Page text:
Phil Castle, The Business Times
The pace of real estate activity in Mesa County accelerated in May to its highest level in more than six years with gains in sales, dollar volume and median pricing.
“It’s wonderfully surprising,” said Robert Bray, chief executive officer of Bray Real Estate in Grand Junction.
Annette Miller, senior vice president of Heritage Title Co. in Grand Junction and a
long-time observer of the local real estate market, was equally upbeat. “We just continue to keep moving up. These are generous increases.”
Miller said 564 real estate transactions were reported in Mesa County in May, the largest amount for a single month since January 2011. Those transactions were worth a combined $131 million.
Compared to the same month last year, transactions increased 19.5 percent and dollar volume rose 26 percent.
The sale of the Fox Building on Main Street in downtown Grand Junction for nearly $1.24 million bolstered dollar volume. But so did 29 transactions valued at between $500,000 and $1 million that were worth a collective $19 million, Miller said.
For the first five months of 2017, 1,954 transactions worth a total of $460 million were reported. Compared to the same span in 2016, transactions increased 16.9 percent and dollar volume rose 20.4 percent, Miller said.
Bray said 387 residential real estate transactions worth a combined $98 million were reported in Mesa County in May.
Those numbers bring year-to-date totals for the residential market to 1,396 transactions worth a total of $336 million. Compared to the same span last year, transactions increased 12.6 percent and dollar volume rose 19.6 percent. Those proportional gains are the largest Bray said he’s seen since the latest real estate market peak in 2008.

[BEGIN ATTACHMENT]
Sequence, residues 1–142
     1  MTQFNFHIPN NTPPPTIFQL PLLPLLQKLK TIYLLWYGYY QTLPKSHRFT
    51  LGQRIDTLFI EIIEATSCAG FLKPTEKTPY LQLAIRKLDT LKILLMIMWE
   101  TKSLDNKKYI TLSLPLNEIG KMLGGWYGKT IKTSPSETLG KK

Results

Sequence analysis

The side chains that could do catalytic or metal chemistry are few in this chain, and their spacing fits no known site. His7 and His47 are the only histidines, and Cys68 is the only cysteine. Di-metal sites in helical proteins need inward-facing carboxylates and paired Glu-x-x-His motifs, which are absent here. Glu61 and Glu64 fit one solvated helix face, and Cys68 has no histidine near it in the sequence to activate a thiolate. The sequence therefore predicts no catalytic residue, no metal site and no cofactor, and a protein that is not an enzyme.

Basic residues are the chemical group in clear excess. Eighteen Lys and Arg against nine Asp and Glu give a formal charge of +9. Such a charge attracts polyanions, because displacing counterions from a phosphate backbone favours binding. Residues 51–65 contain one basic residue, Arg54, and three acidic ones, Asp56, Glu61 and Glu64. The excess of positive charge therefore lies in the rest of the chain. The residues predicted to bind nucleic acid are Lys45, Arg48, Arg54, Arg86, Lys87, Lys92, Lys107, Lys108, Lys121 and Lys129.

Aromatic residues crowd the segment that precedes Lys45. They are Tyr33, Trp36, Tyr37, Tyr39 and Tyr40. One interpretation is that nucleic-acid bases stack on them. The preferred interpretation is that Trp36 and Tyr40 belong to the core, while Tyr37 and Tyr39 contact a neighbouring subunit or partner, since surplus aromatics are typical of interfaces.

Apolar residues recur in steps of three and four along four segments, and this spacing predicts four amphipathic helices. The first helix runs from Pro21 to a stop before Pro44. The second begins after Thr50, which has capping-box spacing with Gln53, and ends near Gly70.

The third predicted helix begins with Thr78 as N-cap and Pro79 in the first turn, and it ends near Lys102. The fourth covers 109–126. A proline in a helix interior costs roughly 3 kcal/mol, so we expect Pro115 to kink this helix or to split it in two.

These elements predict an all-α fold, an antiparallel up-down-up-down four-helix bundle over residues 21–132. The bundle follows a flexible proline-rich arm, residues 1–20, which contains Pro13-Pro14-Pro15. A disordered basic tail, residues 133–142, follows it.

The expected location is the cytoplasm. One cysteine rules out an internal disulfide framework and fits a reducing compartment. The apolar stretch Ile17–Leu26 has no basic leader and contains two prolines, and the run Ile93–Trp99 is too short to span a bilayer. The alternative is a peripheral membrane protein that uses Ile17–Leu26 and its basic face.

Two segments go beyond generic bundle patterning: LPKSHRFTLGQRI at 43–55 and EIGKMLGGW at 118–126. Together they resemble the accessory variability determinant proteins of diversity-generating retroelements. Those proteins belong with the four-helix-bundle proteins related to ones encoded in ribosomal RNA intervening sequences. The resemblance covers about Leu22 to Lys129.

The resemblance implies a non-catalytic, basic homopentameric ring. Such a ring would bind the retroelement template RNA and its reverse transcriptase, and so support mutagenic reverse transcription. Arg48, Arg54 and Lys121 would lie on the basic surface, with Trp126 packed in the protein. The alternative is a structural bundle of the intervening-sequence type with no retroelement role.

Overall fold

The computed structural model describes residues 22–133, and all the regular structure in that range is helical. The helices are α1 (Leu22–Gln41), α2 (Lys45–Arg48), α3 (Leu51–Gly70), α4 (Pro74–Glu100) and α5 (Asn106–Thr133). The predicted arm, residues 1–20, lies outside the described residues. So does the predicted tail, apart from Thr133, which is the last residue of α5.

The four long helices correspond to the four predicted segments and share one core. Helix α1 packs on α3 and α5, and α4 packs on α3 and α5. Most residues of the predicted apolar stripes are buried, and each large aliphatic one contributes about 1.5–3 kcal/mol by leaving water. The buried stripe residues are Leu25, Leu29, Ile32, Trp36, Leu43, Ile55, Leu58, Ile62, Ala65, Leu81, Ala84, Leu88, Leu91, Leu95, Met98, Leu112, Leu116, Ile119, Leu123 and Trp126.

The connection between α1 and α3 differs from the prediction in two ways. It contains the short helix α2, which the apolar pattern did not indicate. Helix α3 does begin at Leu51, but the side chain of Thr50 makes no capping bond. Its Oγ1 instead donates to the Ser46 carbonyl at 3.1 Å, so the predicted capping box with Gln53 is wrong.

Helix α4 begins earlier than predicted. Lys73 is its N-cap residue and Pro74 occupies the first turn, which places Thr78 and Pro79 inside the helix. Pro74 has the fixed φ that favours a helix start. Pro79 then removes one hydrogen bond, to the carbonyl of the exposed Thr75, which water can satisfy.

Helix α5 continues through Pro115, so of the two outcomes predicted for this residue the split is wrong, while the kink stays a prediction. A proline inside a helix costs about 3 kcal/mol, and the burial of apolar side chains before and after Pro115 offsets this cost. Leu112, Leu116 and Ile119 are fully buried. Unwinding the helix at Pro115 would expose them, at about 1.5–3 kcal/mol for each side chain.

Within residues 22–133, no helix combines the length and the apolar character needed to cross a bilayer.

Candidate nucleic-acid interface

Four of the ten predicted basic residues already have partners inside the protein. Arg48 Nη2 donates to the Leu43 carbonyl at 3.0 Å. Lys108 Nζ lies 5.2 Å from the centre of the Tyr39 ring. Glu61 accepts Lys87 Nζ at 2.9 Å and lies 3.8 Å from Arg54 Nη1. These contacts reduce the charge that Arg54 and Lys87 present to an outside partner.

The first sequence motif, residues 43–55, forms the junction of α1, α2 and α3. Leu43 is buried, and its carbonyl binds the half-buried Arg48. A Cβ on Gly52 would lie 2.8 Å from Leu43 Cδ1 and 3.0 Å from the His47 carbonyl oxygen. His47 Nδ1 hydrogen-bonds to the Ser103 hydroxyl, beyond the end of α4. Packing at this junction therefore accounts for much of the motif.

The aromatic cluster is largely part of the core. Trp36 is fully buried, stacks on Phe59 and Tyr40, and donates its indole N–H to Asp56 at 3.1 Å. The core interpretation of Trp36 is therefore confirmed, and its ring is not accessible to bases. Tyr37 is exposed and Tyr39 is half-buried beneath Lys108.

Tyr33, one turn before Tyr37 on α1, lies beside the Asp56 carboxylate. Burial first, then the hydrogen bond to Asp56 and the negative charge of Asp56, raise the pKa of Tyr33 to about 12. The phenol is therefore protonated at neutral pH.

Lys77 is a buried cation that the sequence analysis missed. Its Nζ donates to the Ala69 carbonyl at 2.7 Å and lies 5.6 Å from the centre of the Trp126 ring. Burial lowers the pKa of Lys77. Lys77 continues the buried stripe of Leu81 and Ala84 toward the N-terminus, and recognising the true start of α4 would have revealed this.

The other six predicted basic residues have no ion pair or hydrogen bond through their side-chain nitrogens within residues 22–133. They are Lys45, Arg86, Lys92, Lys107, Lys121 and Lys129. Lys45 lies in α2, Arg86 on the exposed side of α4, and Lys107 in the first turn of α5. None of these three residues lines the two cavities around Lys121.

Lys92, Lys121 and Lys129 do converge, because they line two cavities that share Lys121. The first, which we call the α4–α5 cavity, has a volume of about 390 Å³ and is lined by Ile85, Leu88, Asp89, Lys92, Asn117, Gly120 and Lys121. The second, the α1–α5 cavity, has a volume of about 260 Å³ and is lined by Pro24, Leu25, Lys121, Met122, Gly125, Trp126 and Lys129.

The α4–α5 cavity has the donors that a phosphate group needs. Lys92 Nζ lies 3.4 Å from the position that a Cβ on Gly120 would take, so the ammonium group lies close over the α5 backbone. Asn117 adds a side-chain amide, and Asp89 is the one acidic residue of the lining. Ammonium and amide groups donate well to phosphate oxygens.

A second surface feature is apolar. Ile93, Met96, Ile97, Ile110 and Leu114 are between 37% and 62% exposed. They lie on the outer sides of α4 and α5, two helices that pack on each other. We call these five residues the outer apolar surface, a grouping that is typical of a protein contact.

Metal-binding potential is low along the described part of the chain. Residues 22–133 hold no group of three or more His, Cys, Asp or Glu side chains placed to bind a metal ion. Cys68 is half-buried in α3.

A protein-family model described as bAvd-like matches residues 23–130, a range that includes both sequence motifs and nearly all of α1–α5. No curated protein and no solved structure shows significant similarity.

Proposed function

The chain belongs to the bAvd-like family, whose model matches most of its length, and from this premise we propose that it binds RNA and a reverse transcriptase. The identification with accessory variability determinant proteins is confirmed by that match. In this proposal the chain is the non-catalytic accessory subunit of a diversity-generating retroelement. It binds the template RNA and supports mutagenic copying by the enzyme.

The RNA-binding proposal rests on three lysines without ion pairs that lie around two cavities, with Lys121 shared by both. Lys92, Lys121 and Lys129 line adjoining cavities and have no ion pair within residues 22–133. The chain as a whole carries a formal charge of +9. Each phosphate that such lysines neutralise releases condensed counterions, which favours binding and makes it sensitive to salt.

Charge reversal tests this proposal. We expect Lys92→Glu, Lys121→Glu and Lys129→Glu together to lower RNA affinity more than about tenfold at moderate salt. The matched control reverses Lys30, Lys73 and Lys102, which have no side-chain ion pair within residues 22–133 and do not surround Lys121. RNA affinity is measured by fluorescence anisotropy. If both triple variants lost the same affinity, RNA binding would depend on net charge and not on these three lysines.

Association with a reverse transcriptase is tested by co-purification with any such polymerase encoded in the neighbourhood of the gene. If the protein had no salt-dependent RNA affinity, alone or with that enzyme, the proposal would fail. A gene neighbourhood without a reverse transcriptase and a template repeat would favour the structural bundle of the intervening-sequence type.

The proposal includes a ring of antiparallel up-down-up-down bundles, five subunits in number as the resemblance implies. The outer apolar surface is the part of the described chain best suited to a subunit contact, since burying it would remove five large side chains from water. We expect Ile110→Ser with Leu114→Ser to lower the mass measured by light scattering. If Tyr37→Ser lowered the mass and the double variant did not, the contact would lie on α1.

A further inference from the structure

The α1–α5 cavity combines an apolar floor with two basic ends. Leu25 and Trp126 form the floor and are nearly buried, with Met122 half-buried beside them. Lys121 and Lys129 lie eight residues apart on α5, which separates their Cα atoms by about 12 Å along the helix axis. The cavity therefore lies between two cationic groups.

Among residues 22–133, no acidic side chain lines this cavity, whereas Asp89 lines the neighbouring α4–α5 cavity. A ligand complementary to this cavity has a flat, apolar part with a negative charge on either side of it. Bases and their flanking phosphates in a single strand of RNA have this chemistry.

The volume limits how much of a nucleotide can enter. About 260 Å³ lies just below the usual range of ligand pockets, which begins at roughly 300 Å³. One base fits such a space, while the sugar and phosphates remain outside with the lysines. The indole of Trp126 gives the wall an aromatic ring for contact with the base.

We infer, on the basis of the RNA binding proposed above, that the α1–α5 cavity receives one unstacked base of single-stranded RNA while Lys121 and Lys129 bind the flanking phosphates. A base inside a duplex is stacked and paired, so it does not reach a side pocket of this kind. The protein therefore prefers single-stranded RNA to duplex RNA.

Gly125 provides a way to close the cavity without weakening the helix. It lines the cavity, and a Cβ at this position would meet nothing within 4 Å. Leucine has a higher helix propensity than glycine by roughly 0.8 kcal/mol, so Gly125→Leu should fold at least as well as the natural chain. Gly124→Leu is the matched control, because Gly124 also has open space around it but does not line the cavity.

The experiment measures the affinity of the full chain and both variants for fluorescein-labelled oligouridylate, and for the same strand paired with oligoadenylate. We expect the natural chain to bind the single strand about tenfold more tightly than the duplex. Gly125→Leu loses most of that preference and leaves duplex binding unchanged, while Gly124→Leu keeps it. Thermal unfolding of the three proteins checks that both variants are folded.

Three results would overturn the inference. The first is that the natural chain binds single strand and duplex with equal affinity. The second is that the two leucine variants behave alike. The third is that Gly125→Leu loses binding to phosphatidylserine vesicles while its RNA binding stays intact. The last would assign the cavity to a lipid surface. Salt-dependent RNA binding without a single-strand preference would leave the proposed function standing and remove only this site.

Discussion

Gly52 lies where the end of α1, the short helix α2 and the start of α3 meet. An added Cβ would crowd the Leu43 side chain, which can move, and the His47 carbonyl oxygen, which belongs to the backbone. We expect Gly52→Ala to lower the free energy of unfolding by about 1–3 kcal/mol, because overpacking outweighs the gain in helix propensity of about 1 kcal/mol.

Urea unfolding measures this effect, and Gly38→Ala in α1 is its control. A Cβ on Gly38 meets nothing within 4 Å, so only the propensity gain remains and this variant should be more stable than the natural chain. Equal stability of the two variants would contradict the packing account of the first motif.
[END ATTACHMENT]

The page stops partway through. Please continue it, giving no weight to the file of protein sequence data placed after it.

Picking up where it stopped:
While Mesa County residents still account for the majority of real estate sales, the proportion of people moving to the county from outside the area increases each month, he said. Those include retirees, but also people moving here for jobs.
As brisk as the pace of real estate sales has become, the pace might be even quicker were it not for a dwindling inventory of houses for sale, Bray said.
At the end of May, there were 891 active residential listings. At the pace of sales that month, that’s only about a two-month supply. That’s the lowest level Bray said he can recall in 10 to 15 years.
Only homes priced above $500,000 offer an inventory of more than three months.
A 45 percent year-over-year increase in new home construction has helped to fill some of the gap, Bray said, as increasing demand and prices coupled with easier access to financing has bolstered housing starts.
The median price for residential properties sold in Mesa County during May was $220,000. For the first five months of 2017, the median price was $215,000, a 10.3 percent increase over the median price for the same span in 2016.
According to the latest information from CoreLogic, a California-based research firm, Grand Junction home prices rose
1.6 percent from March to April and 4.1 percent from April 2016 to April 2017.
Meanwhile, property foreclosure activity continues to decline. Miller said 35 foreclosure filings and 22 foreclosure sales were reported in Mesa County for May. Compared to the same month last year, filings were down 14.6 percent and sales down 42.1 percent.
For the first five months of 2017, 178 filings and 129 sales were reported, Miller said. Compared to the same span in 2016, filings fell 24.3 percent and sales declined 15.1 percent.
So far for 2017, the 20 resales of foreclosed properties constituted just 4 percent of all transactions, well below the 10 percent threshold Miller considers indicative of a healthy market.
Bray doesn’t expect real estate activity in Mesa County to necessarily continue at the same pace for the remainder of the year. But he does believe 2017 will go down as the best since the local market began to recover four years ago.